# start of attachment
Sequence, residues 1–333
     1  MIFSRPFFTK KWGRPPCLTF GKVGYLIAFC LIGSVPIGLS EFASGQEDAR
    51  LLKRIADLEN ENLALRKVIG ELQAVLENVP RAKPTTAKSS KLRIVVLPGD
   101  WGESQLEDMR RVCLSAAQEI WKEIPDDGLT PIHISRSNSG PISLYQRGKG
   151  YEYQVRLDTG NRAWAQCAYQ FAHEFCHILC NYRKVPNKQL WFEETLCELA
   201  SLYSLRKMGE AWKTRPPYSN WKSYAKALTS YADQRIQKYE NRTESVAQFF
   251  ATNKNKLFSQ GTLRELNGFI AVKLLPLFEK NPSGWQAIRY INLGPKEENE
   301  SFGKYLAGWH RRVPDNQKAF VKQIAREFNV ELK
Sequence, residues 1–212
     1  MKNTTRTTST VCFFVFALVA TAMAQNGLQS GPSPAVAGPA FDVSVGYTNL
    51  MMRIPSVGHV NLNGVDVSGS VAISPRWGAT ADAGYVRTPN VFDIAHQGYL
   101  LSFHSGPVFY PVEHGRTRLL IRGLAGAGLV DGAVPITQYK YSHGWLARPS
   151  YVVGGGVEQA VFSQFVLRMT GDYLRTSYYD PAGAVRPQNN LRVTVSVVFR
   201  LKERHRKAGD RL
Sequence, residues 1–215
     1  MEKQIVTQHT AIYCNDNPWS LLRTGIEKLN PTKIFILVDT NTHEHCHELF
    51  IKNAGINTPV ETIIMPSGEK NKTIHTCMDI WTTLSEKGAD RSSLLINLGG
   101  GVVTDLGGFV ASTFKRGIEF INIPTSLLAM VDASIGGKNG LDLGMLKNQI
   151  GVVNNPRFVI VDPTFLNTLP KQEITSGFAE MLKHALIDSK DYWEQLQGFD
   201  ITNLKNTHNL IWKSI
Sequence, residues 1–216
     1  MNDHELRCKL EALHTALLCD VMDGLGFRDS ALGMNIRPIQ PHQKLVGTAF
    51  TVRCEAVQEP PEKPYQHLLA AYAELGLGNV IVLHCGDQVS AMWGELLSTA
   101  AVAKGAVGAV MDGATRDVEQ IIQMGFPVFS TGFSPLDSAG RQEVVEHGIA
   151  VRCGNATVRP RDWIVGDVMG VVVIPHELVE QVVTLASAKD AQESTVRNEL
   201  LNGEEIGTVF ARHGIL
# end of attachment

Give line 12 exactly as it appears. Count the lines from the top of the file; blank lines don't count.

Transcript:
   101  LSFHSGPVFY PVEHGRTRLL IRGLAGAGLV DGAVPITQYK YSHGWLARPS